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  • Grand Cayman Thrush Cayman Islands 1 Cent Authentic Coin Money for Jewelry and Craft Making
  • Grand Cayman Thrush Cayman Islands 1 Cent Authentic Coin Money for Jewelry and Craft Making
  • Grand Cayman Thrush Cayman Islands 1 Cent Authentic Coin Money for Jewelry and Craft Making
  • Grand Cayman Thrush Cayman Islands 1 Cent Authentic Coin Money for Jewelry and Craft Making
  • Grand Cayman Thrush Cayman Islands 1 Cent Authentic Coin Money for Jewelry and Craft Making
  • Grand Cayman Thrush Cayman Islands 1 Cent Authentic Coin Money for Jewelry and Craft Making
  • Grand Cayman Thrush Cayman Islands 1 Cent Authentic Coin Money for Jewelry and Craft Making
  • Grand Cayman Thrush Cayman Islands 1 Cent Authentic Coin Money for Jewelry and Craft Making
  • Grand Cayman Thrush Cayman Islands 1 Cent Authentic Coin Money for Jewelry and Craft Making
  • Grand Cayman Thrush Cayman Islands 1 Cent Authentic Coin Money for Jewelry and Craft Making
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Grand Cayman Thrush Cayman Islands 1 Cent Authentic Coin Money for Jewelry and Craft Making

Regular price $3.15 CAD
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Grand Cayman Thrush Cayman Islands 1 Cent Authentic Coin Charm for Jewelry and Craft Making (Queen Elizabeth)

Obverse
Bust of Elizabeth II to right above date.

Lettering:
CAYMAN ISLANDS ELIZABETH II

Reverse
A grand cayman thrush (Turdus ravidus), an extinct bird endemic to Grand Cayman beside value.

Features
Issuer Cayman Islands
Queen Elizabeth II (1952-date)
Type Standard circulation coin
Years 1992-1996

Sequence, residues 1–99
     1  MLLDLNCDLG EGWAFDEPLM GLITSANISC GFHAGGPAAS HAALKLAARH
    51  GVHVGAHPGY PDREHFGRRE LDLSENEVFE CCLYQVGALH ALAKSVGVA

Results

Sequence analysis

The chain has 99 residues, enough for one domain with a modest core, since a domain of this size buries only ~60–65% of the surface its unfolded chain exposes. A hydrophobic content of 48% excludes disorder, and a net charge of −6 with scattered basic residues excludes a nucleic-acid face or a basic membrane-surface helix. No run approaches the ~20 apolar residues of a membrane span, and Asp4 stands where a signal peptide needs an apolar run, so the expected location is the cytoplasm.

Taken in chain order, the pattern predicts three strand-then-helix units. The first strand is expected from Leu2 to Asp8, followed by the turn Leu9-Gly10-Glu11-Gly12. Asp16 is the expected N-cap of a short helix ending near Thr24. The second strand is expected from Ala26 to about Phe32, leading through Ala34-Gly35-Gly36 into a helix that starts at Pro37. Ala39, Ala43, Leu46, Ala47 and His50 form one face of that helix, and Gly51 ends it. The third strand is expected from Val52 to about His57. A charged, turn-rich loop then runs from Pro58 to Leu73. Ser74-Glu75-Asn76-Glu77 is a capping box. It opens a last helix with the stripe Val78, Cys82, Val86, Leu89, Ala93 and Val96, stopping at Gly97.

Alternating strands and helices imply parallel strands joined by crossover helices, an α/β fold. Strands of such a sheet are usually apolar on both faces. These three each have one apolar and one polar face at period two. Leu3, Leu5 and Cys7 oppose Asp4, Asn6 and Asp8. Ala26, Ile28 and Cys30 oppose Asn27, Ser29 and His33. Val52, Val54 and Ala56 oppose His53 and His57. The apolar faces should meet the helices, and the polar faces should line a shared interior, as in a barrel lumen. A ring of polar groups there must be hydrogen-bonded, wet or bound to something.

Value 1 Cent
0.01 KYD = 0.012 USD
Currency Dollar (1972-date)
Composition Copper plated steel
Weight 2.55 g
Diameter 17 mm
Thickness 1.65 mm
Shape Round
Orientation Medal alignment ↑↑
Number N# 7365
References KM# 87a

Wikipedia:
The Grand Cayman thrush (Turdus ravidus) is an extinct bird from the thrush family (Turdidae). It was endemic to the island of Grand Cayman in the Caribbean.

Extinction
Charles B. Cory described them as common in 1886 but shortly after its discovery, it became a favorite object for bird collectors. Twenty-one specimens were collected on four occasions in total. The first four specimens were taken in August 1886. Another three were killed in 1892 and one female was obtained in 1896. Finally, thirteen specimens were shot between April and July 1916 by bird collector W. W. Brown, Jr. Suddenly this bird was vanished and several surveys to find this species again have failed until zoologist C. Bernard Lewis observed one individual north of East End in the eastern of Grand Cayman in the summer of 1938. This was the last reliable report of a living Grand Cayman thrush. Causes of its extinction were most likely deforestation and the destroying of its habitat by hurricanes between 1932 and 1944.

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Linda
Great quality; great service; will use aga...

Great quality; great service; will use again